Amid much pressure from the Zionist lobby, streaming giant Netflix finally released the film Farha, a Jordanian film set in 1948 conceptualizing on Nakba (The Palestinian Catastrophe), the horrible ethnic cleansing of Palestinians by Zionist Israelis.
The film is rare portrayal of true events told by Jordanian Arabs about Palestinian Arabs on a major Western entertainment platform. Zionist forces expelled at least 750,000 Palestinians from their homes and captured 78% of historic Palestine in 1948 Nakba.
The protagonist of film is 14-year-old Palestinian Arab Muslim girl named Farha, who wants to get an education in the city with her best friend Fareeha. Her father, the village mayor, is reluctant to acquiesce to her demands, and instead hopes to find a suitor for her. Her progressive uncle however, convinces her father to send her to the city for further education.
Farha’s character is constructed through the lens of women empowerment, where she is given agency to choose her gendered transition to education. She receives her enrollment letter but her happiness is short lived. Her village is attacked, and to protect Farha, her father locks her inside the storage room of their house.
The story then on revolves around the tiny storage room which becomes a huge allegory for how claustrophobic the Palestinian land has become for them. It depicts significant symbolism capturing the dispossession from safe spaces of their homes and losing “homeliness” to alienation, and Zionist terror.
Farah remains in the storage room for an indefinite time, rummaging through food grains, experiencing fierce firing outside, peering through peepholes and muddied windows. She witnesses the birth of a baby and the murder of an innocent family at the hands of Israeli Defense Forces through the peephole.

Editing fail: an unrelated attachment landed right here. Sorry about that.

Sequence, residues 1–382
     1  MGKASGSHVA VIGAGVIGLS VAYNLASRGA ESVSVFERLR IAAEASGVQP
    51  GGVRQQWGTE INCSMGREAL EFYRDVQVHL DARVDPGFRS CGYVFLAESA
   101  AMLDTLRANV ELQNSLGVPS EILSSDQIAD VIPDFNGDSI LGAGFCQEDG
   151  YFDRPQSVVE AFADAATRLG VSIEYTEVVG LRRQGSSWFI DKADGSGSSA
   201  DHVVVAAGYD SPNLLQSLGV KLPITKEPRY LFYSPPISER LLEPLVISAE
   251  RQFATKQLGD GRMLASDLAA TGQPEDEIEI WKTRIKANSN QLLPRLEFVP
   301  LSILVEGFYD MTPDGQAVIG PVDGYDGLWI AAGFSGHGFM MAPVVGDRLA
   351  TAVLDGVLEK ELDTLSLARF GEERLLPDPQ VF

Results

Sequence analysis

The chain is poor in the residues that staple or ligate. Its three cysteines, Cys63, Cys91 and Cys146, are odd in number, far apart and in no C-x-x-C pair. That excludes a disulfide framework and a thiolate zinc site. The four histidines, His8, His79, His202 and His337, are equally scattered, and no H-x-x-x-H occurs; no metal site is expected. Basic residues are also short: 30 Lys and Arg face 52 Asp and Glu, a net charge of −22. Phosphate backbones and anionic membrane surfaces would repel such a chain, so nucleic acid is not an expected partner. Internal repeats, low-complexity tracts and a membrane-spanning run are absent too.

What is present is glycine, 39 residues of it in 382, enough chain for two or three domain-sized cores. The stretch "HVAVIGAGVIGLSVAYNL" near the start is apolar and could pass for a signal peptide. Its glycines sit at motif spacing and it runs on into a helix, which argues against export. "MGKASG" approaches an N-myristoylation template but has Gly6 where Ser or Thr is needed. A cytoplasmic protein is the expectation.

We can see the tragedy rolling out at the hands of IDF by simply looking at her face. The director’s deliberate creative decision to fix the camera at her expression makes the Palestinian struggle visible in an artistic way. The film captures the microcosm of a greater tragedy unfolding in a defenseless village of Palestine.
Farah finds a pistol and bullets in a sack of grain, which she uses to unlock the nailed door. It is another allegory depicting asymmetric power relations in the Palestinian resistance against much more powerful well-armed Zionist enemy.
An interesting Arab cultural depiction in the film is the mayor being called ‘Abu Farha‘ (Father of Farha). Here we see the cultural roots of Arab feminism being played on-screen. It is a clever representation of voicing the marginalized Palestinian identity rooted in gender relations which is dominated by the settler colonial identity of Israel.
The film is a brave attempt at fostering Palestinian collectivity in constrained contexts of dispersion, siege and dispossession. Farha’s stone-made house serves as a ground for claiming “belonging”, both figuratively and materially. The constant anxiety Farha goes through when an IDF soldier immanently intrudes in her home rendering personal space claustrophobic and uncomfortable is obvious. And yet her belonging to her village remains.
Discrimination on racial basis is embedded in power relations, but we witness extreme asymmetry of power relations when the Islamophobic acts of IDF rendered an entire family lifeless including a young mother who just gave birth before Israeli soldiers intruded in Farha’s abandoned home while she was locked inside the storage room.
The film is much needed alternative discourse on Palestinian struggles captured through camera lens by an Arab.